Marine Link
Tuesday, September 27, 2016

Traditional Micronesian Canoe Sinks, Students Rescued

March 4, 2013

Cutter Washington: Photo credit USCG

Cutter Washington: Photo credit USCG

Multiple agencies and Amver ship work together to rescue 10 from the Philippine Sea, 90 miles NE of Palau.

The U.S. Coast Guard in coordination with the Republic of Palau Division of Maritime Law Enforcement and the Royal Australian Navy Maritime Surveillance Advisor partnered to provide assistance.

The mariners in distress originated their voyage on a 60-foot traditional sailing canoe traveling from Palau to the outer islands of Yap State in the Federated States of Micronesia. The vessel had ten crewmembers onboard, including students from the Palau Community College; Palauan, Japanese, and US Citizens.

Using a satellite telephone, the canoe contacted officials at the Community College at 6:30 am Chamorro Standard Time (ChST), on 04 March, and indicated the vessel was breaking apart and sinking.

The Palau Community College officials contacted the appropriate Palauan Agencies in accordance with their National Search and Rescue Plan, who requested assistance from the U.S. Coast Guard in accordance with a long-standing Memorandum of Understanding under the Compact of Free Association.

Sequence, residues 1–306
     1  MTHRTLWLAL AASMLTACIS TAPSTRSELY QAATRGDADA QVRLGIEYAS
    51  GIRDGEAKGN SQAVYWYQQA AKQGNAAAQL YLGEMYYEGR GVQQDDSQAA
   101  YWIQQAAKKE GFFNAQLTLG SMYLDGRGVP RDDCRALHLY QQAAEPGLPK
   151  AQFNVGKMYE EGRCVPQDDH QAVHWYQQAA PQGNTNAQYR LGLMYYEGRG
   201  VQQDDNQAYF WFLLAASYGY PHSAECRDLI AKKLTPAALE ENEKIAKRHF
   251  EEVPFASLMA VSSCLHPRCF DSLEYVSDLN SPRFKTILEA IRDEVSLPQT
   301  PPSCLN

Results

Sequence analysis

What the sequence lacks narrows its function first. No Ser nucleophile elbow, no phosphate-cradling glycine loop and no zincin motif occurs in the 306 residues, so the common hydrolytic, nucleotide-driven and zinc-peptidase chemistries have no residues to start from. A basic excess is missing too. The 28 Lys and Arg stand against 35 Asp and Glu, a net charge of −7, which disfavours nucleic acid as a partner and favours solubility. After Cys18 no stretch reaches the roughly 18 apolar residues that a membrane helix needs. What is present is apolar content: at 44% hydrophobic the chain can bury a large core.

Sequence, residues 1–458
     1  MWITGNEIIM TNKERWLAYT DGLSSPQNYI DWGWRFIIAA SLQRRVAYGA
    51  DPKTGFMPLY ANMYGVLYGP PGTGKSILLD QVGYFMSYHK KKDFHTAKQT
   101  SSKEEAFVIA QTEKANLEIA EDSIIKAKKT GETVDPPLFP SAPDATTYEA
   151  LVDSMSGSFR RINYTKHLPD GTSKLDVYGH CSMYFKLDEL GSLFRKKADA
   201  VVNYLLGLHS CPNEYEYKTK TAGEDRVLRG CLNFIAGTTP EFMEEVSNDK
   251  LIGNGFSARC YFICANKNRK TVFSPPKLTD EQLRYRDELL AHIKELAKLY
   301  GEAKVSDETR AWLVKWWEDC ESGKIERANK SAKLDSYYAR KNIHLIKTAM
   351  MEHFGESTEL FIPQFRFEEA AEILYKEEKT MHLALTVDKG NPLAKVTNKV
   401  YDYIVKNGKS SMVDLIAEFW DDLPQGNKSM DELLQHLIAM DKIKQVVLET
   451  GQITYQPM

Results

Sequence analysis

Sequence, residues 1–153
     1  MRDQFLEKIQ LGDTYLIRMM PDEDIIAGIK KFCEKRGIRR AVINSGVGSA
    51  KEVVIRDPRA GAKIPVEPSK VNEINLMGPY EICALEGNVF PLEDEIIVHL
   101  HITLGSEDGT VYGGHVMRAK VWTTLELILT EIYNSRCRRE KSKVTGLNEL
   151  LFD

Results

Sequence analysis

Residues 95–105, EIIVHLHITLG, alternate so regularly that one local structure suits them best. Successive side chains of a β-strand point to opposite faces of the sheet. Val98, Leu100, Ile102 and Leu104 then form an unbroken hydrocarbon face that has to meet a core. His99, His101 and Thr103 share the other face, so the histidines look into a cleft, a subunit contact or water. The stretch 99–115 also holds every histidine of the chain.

The Coast Guard launched the Apra Harbor, Guam based Coast Guard Cutter Washington to assist in this case, and requested long range aircraft support from the U.S. Navy’s Combined Task Force 72, located in Kadena, Japan. The Coast Guard also identified a commercial cargo vessel, the Panamanian flagged vessel Hyundai Unity transiting in the vicinity of the distress location, and contacted the vessel asking for their assistance. The vessel diverted from their course and maneuvered towards the distress position.

The crew of the Hyundai Unity spotted the individuals at 11:32 am ChST and began the process of recovering all of the crew members. The USCGC Washington will be meeting the commercial vessel at the distress location and will be transporting the crew members to Palau.

This successful response was greatly assisted by the foresight and planning of the vessel crew, who filed a detailed float plan prior to departing, and maintained a full suite of lifesaving equipment, including a satellite telephone and personal flotation devices for every person on board.
 



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